The opinion of the court was delivered by: Hon. Roger T. Benitez United States District Judge
ORDER RE MOTION FOR SUMMARY JUDGMENT
Plaintiff /Counter Defendant Stephen Weinstock, M.D. ("Weinstock") and Third Party Defendant Weinstock Laser Eye Center ("WLEC") (collectively "Defendants") move for summary judgment on all counts Defendant/Counter Claimant and Third Party Plaintiff MDTV Medical News Now, Inc. ("MDTV") and Defendant/Counter Claimant Paul Argen ("Argen") (collectively "Plaintiffs") assert against them. For the reasons that follow, Defendants' Motion is GRANTED in part and DENIED in part.
This diversity action was initiated by Plaintiffs Eye Laser, Nevyas Eye Associates and individual doctors--Herbert Nevyas, Michael Mazaheri, Stephen Weinstock, Norman Rappaport, and Warren Cross against MDTV and MDTV's Chief Executive Officer, Argen.*fn1 Plaintiffs purchased commercial advertising and marketing programs from MDTV. Plaintiffs allege MDTV and Argen misrepresented their services, overcharged Plaintiffs, did not produce their television programs with adequate production capabilities, did not run their television programs at the appropriate times, did not honor the exclusivity provisions, and refused to refund their money.
MDTV and Argen answered and asserted the following counterclaims against Weinstock*fn2 (1) breach of duties of confidentiality and loyalty; (2) tortious interference with contractual relations and with prospective economic advantage; (3) breach of contract; (4) breach of duty of good faith and fair dealing; (5) conversion; and (6) defamation.
MDTV also filed a Third Party Complaint against WLEC, which it later amended.*fn3 In its First Amended Third Party Complaint, MDTV asserts against WLEC the same six counts it counterclaims against Weinstock, along with a seventh cause of action for misappropriation of trade secret under Cal. Civ. Code §§ 3426-3426.10.
STANDARD OF REVIEW/BURDEN OF PROOF ON SUMMARY JUDGMENT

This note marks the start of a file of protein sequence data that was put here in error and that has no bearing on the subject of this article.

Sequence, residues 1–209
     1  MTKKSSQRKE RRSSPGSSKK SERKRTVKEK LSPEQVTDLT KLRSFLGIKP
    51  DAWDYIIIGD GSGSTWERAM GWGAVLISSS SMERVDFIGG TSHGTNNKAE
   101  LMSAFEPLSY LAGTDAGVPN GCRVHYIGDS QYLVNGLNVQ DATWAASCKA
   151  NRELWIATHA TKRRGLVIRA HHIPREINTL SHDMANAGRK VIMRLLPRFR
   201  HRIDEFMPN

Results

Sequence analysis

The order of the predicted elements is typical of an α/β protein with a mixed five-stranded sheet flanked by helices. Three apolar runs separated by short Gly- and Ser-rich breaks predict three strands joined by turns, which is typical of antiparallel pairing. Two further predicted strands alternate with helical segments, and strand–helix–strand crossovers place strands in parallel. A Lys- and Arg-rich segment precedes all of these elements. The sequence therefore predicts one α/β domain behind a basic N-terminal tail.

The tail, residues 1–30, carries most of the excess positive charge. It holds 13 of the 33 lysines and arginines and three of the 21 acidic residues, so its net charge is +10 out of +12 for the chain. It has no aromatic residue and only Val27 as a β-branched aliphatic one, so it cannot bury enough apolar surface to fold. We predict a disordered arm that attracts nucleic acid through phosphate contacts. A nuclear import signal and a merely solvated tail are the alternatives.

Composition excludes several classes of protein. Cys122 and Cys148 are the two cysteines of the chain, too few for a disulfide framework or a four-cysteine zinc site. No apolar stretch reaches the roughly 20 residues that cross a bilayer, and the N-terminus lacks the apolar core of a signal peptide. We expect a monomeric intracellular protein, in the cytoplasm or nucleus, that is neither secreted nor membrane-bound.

As noted, Weinstock and WLEC are moving for summary judgment on claims or counterclaims asserted against them by MDTV and Argen--claims which MDTV and Argen would have the burden of proof at trial. Thus, Weinstock and WLEC are "not required to produce evidence showing the absence of a genuine issue of material fact with respect to" to the asserted claims. United Steelworkers of America v. Phelps Dodge Corp., 865 F.2d 1539, 1542 (9th Cir. 1989) (citation omitted). Nor are they required to "support [their] motion with affidavits or other similar materials negating" the claims. Id. at 1543. Rather, Weinstock and WLEC "need only point to shortfalls in the [Plaintiffs'] case to demonstrate the absence of evidence" supporting its claims. United Steelworkers of America v. Phelps Dodge Corp., 865 F.2d 1539, 1543 (9th Cir. 1989) (alterations not in original).*fn4 Defendants may do so by simply pointing to the pleadings and arguing that Plaintiffs have failed to establish an element essential to their case. See Celotex Corp. v. Catrett, 477 U.S. 317, 323 (1986); see also id. ("[A] party seeking summary judgment always bears the initial responsibility of informing the district court of the basis for its motion, and identifying those portions of the pleadings, depositions, answer to interrogatories, and admissions on file, together with the affidavits, if any, which it believes demonstrate the absence of a genuine issue of material fact." (internal quotations and citations omitted)). See also Ayala-Gerena v. Bristol Myers-Squibb Co., 95 F.3d 86, 94 (1st Cir. 1996) ("The function of summary judgment is to pierce the boilerplate of the pleadings and assay the parties' proof in order to determine whether trial is actually required." (citation and internal quotations omitted).